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Hypoglycemia, also known as low blood sugar or low blood glucose, is a known side effect of insulin therapy. For people living with type 1 diabetes (T1D), hypoglycemia is a regular part of life—a very unpleasant one.
According to JDRF, most people with T1D experience at least one or two episodes of mild hypoglycemia a week. They also experience an estimated one episode of “severe, at least temporarily disabling, hypoglycemia” per year. The symptoms of hypoglycemia include sweating, shaking, confusion, and impaired thinking, among others. Left untreated, low blood glucose can cause seizures, comas, and even death.
On paper, the treatment for hypoglycemia sounds easy enough: eat something containing fast-acting carbohydrates, like juice or glucose tablets. However, in cases of severe hypoglycemia, symptoms can become so intense that the individual needs help completing even this simple task.
Having lived with T1D since 2008, I am personally quite familiar with hypoglycemia, from its short-term symptoms to its long-term effects on my mental health. According to the above estimates, I’ve experienced roughly 676–1,352 episodes of mild hypoglycemia and 13 instances of severe hypoglycemia. I have dealt with hypoglycemia at school, work, and everywhere in between.
You might think that after all this time, I would have become accustomed to hypoglycemia and its disruptive, sometimes scary effect on my daily life. However, this is much easier said than done.
What Is Fear of Hypoglycemia (FoH)?
For people living with T1D, myself included, the constant threat of low blood sugar can take a significant toll on mental health. Many develop “fear of hypoglycemia,” or FoH, which describes a strong aversion to and avoidance of low blood glucose. FoH has a serious impact on wellbeing and may even be linked to certain mental health conditions, such as generalized anxiety and depression.
FoH is also common among parents of children with T1D. As one 2017 study for Pediatric Diabetes reports, “The greatest worries of parents of young children with T1D were related to hypoglycemia during sleep and other times/circumstances during which it would be difficult to detect hypoglycemia.”
The term FoH encompasses not just fear, but a whole range of negative emotions associated with low blood sugar. In a study conducted with T1D Exchange’s Glu population, participants reported feeling “frustration (78.1%), embarrassment (59.5%), fear (45.1%) and worry (42.3%)” in relation to hypoglycemia.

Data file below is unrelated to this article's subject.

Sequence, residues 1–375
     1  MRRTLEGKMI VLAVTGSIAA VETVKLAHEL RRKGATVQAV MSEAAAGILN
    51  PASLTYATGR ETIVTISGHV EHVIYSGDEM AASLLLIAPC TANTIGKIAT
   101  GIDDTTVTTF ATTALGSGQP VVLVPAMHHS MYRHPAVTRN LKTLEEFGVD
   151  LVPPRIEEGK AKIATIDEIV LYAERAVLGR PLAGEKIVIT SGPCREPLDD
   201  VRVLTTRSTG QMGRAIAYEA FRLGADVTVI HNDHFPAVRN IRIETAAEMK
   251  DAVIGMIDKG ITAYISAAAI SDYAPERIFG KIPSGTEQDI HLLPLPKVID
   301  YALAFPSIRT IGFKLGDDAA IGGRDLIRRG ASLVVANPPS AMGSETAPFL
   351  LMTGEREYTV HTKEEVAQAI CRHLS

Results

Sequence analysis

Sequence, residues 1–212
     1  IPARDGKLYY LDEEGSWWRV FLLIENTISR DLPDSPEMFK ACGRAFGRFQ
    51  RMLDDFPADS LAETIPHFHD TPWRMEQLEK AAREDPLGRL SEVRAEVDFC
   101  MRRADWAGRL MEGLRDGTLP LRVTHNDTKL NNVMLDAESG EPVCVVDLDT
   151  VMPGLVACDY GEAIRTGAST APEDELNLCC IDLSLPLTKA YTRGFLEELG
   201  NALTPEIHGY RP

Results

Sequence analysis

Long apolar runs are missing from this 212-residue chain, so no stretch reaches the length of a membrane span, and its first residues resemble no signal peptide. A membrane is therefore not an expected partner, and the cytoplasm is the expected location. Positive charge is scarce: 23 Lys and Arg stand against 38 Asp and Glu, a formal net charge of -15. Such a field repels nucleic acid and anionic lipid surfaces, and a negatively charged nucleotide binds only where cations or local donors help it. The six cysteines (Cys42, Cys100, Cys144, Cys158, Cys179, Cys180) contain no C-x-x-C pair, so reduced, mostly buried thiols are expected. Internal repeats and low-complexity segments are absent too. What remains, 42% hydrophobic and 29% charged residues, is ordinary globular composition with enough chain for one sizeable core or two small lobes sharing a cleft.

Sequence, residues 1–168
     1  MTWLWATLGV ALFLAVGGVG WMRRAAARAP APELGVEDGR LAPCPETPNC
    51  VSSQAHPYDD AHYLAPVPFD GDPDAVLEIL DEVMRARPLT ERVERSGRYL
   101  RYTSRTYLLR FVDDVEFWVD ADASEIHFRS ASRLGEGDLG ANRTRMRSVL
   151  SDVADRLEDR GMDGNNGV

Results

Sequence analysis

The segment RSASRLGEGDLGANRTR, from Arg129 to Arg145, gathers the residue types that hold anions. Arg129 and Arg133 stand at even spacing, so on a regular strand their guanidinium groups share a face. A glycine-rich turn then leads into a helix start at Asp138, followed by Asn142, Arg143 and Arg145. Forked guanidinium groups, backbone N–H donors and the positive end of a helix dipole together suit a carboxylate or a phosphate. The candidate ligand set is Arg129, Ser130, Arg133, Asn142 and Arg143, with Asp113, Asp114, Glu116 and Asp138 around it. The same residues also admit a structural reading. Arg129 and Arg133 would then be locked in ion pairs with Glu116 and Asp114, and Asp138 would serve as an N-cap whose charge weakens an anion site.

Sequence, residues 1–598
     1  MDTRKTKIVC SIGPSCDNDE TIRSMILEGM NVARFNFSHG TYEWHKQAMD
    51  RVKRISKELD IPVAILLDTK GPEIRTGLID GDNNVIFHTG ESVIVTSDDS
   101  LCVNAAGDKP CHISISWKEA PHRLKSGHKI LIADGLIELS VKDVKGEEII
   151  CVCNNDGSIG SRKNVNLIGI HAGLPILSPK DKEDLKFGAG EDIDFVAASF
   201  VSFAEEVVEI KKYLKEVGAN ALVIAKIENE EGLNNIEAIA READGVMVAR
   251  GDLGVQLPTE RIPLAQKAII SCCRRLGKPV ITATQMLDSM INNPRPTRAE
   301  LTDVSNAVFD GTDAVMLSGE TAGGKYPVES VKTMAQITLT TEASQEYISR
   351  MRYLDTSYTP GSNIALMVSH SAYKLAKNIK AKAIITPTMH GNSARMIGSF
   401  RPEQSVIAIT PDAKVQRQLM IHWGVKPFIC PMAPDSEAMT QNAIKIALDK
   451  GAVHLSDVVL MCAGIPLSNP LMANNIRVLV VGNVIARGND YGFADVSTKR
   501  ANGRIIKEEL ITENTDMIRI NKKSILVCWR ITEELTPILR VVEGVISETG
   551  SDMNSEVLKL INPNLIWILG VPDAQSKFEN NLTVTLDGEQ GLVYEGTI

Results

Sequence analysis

Put into context, the results of this study indicate that people with T1D aren’t just afraid of being incapacitated by severe low blood glucose: We also loathe the disruptive effect of milder hypoglycemia on our day-to-day lives and relationships with others.
Avoidance Behaviors and Their Consequences
Avoidance is the natural result of any aversion, and FoH is no exception. The best way to avoid FoH is to avoid low blood sugar itself—and that usually means choosing high blood glucose rather than risking low blood glucose.
This occurs in the form of “avoidance behaviors” such as overeating, underdosing insulin, or limiting exercise. These behaviors can be more strongly associated with circumstances where hypoglycemia itself is more likely, such as when playing a sport or engaging in other vigorous activity. Personally, I’m most likely to engage in such behaviors at times when it would feel socially inappropriate to treat a low blood sugar, such as during ceremonies, performances, or important meetings.
FoH is a stressful emotional state, but it is damaging to more than just mental health. Avoidance behaviors also have a serious impact on diabetes treatment outcomes, leading to increased glycemic variability, which is associated with long-term complications. It has a measurable impact on quality of life for people with T1D.
Preventing and Addressing FoH
Perhaps the most important factor in reducing FoH is prevention of hypoglycemia itself. Several advances in medication and technologies have the potential to do just that. From newer analogue insulins, to pump delivery systems capable of suspending insulin doses, to continuous glucose monitors (CGMs) with alerts, there are many treatment options that can help reduce the risk of hypoglycemia. There are also other promising advances on the horizon, such as “smart” insulin.
Research has yet to establish a clear relationship between CGM use, hypoglycemia incidence, and FoH. In my own experience, using a CGM has significantly reduced the frequency and severity of my hypoglycemic episodes. As a result, I also experience less FoH. Although I still struggle with avoidance behaviors—especially in certain social settings—I feel much safer knowing that my CGM will always alert me to drops in my blood sugar.
Still, no matter how much technology advances, it is hard to imagine any version of insulin therapy that doesn’t involve at least some hypoglycemia. This is where therapeutic mental health interventions may prove useful. T1D Exchange recently shared a new FoH screening tool that has the potential to help healthcare providers identify those who need additional support coping with FoH. Researchers are also investigating the use of cognitive behavioral therapy (CBT) and other evidence-based approaches to address FoH and reduce harmful avoidance behaviors.
Combined with open dialogue between patients, their loved ones, and healthcare providers, these therapies have the potential to holistically improve the health of people with T1D.
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